Six suspects arrested in connection with the assassination of Ecuadorian presidential candidate Fernando Villavicencio are Colombian nationals and gang members, authorities have confirmed, as a former vice president demanded action over spiraling levels of violence in the South American country.
Villavicencio, an anti-corruption campaigner and lawmaker who was outspoken about the violence caused by drug trafficking in the country, was shot dead at a campaign rally in the capital Quito on Wednesday.
The killing of the 59-year-old came 10 days before the first round of the presidential election was set to take place. Villavicencio’s campaign had promised a crackdown on crime and corruption amid a deadly escalation of violence that has gripped Ecuador in recent years.
The suspected shooter died in police custody following an exchange of fire with security personnel, Ecuador’s Attorney General’s Office said Wednesday.
Six others were arrested in connection with the killing. Ecuador’s Interior Minister Juan Zapata said in a news conference Thursday that the suspects are members of organized criminal groups, citing preliminary evidence.
He later confirmed to CNN the suspects are Colombian nationals. The nationality of the suspected gunman is not yet clear.
During overnight raids, authorities found a rifle, a machine gun, four pistols, three grenades, two rifle magazines, four boxes of ammunition, two motorcycles, and a stolen vehicle believed to have been used by the men, Zapata said.
The attack prompted Ecuador’s President Guillermo Lasso to request help from the US Federal Bureau of Investigation, and he tweeted that a delegation would soon be arriving in the country.
Lasso also announced a state of emergency for 60 days, an immediate mobilization of the armed forces across the country and three days of national mourning.
The assassination prompted an outpouring of condemnation from inside Ecuador and around the world, including from the UN Human Rights chief, the United States and European Union.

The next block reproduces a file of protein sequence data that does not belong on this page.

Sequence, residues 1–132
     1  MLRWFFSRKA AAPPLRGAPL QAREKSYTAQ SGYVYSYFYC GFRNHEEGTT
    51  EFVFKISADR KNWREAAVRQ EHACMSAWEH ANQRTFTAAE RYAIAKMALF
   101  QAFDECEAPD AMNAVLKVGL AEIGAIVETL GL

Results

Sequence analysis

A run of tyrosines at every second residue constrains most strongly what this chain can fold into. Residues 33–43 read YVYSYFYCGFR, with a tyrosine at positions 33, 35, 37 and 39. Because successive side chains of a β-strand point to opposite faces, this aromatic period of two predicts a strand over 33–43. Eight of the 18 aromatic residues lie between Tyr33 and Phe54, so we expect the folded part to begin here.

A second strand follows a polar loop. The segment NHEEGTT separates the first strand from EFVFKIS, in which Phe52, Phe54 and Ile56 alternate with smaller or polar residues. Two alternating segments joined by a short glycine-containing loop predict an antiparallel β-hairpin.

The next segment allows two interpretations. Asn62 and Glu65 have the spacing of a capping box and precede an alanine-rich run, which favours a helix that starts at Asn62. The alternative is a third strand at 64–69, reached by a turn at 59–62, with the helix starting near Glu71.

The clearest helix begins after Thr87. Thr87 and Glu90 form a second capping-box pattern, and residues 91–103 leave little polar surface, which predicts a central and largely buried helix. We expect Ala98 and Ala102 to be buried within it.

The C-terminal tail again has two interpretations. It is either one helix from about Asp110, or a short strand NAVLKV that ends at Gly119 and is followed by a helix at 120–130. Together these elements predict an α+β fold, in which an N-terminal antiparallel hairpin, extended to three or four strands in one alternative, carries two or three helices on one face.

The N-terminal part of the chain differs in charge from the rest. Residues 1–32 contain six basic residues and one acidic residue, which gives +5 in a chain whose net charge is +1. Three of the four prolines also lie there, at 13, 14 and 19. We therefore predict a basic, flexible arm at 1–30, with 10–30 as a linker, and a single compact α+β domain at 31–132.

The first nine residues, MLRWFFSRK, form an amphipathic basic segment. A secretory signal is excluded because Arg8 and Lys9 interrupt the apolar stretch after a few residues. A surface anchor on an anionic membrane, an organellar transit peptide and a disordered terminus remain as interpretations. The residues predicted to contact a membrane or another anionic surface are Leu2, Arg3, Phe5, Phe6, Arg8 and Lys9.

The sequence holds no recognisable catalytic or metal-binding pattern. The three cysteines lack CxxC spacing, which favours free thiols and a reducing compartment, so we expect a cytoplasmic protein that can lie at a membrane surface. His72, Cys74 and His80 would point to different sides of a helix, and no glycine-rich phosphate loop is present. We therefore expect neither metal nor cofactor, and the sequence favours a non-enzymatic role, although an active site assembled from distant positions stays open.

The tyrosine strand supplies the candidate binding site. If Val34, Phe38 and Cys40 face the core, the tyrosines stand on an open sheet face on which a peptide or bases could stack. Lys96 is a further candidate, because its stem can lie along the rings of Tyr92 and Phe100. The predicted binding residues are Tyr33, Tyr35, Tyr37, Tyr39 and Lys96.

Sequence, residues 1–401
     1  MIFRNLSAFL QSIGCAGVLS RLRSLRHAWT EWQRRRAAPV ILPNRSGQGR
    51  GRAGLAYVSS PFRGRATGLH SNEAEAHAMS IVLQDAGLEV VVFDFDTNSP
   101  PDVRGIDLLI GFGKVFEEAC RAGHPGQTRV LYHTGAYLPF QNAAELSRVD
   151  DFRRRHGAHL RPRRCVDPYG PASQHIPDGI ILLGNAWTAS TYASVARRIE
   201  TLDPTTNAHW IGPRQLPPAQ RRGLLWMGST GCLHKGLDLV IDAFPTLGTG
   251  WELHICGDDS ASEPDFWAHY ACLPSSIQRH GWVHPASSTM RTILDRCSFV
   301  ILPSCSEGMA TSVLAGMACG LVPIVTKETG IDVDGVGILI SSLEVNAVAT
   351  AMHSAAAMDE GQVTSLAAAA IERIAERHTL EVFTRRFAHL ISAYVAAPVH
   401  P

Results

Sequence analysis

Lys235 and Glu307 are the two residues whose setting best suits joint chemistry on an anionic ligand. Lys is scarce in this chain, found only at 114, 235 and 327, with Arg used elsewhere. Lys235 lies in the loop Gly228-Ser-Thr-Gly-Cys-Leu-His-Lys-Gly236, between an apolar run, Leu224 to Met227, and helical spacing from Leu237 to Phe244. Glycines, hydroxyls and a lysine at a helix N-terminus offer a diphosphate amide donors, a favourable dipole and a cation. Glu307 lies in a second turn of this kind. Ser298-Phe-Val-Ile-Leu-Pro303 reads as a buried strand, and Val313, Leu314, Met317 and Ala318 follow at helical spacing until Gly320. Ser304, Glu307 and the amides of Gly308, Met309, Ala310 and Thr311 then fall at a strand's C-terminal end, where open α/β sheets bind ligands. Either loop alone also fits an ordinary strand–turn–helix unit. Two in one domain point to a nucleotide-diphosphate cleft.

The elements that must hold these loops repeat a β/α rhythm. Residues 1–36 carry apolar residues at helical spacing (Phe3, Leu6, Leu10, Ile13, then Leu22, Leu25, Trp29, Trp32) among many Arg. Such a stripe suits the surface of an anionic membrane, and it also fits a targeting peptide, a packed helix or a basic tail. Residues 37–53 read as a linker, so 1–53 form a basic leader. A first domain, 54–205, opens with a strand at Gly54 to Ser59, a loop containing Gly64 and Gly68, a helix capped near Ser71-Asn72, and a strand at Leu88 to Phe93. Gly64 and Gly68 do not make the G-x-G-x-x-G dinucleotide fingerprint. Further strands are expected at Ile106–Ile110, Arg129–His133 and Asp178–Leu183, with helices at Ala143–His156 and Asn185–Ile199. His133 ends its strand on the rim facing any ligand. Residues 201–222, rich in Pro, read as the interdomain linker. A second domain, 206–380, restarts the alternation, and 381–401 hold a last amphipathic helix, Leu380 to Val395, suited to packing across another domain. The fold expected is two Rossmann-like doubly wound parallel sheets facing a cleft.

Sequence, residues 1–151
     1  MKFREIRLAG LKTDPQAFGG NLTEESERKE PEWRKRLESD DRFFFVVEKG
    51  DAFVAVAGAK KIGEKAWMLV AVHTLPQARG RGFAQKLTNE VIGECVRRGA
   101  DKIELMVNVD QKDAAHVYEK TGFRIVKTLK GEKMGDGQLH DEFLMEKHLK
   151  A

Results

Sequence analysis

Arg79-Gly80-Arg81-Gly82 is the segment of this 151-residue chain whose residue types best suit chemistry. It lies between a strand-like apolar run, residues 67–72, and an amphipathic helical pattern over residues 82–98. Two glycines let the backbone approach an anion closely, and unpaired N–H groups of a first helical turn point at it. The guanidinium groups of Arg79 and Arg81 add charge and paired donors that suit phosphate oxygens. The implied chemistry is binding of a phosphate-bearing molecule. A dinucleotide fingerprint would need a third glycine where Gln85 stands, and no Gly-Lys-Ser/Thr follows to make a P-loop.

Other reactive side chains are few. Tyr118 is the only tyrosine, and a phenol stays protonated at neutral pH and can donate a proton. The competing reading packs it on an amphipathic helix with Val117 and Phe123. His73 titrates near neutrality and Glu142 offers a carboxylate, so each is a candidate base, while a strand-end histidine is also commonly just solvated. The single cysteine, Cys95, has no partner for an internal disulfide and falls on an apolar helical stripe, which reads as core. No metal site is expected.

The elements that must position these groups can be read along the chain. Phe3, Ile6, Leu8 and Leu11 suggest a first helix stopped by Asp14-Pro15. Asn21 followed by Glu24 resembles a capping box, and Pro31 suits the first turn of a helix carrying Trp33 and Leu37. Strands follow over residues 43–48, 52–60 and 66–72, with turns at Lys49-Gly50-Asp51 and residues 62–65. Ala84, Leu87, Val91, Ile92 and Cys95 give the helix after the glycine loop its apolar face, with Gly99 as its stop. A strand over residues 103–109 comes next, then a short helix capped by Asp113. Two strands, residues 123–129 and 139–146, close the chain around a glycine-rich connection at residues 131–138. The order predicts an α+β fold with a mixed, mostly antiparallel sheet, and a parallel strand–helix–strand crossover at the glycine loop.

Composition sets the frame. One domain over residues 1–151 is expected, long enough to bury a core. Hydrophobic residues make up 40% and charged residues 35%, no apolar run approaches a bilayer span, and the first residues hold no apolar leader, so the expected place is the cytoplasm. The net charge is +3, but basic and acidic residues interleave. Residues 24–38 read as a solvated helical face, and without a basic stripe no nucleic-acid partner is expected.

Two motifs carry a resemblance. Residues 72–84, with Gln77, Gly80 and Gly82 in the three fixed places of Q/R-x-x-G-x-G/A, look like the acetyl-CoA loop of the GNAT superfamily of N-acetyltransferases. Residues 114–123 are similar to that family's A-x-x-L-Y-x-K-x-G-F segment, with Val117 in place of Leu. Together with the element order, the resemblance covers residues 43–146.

On Friday, a judge ordered the preventive detention of the six Colombian nationals detained under suspicion of Villavicencio’s murder, the Ecuadorian Prosecutor’s Office said in a statement. The Prosecutor’s Office said the investigation into the suspects will last 30 days.
In an interview with local media, Patricia Villavicencio, Villavicencio’s sister, said Friday her family would make a decision on whether to transfer his body to a bigger and more open space to allow friends and supporters of his political party “Movimiento Construye” to say goodbye.
Villavicencio’s body is currently at “Memorial” funeral home north of Quito, his sister told Ecuador’s FM Mundo radio.
Speaking about the current investigation for her brother’s murder, Patricia Villavicencio said “this crime can’t go unpunished.”
“We are hurting, with a broken soul, there is no justice, there is no protection”, she added asking President Lasso for protection for her family. She confirmed that Veronica Sarauz, Villavicencio’s wife, has arrived in Quito.
Earlier on Friday Sarauz published a photo with her husband on social media.
“Fernando already won with his journalistic work years ago, he never needed a position in public office to do it. He did while hiding, being persecuted and prosecuted without fear. Today those who took his life from us will not have peace because @VillaFernando_has already changed the country,” Sarauz wrote.
Level of violence ‘something we have never seen before’
The former vice president of Ecuador and current presidential candidate Otto Sonnenholzner said in an exclusive interview with CNN Thursday that the level of violence in Ecuador is “something we have never seen before.”
“It’s something new. It started maybe one and a half or two years ago. It’s a spiral of violence that is completely out of control and demands concrete government action that we are not seeing,” Sonnenholzner said.
The Andean country, a relatively peaceful nation until a few years ago, is now plagued by a deteriorating security crisis fueled by drug trafficking and a turf war between rival criminal organizations.
Violence has been most pronounced on Ecuador’s Pacific coast as criminal groups battle to control and distribute narcotics, primarily cocaine.
The country has also lost control of its overcrowded prisons, which are often ruled by criminal gangs. Hundreds of inmates have been killed in brutal prison riots between these rival gangs.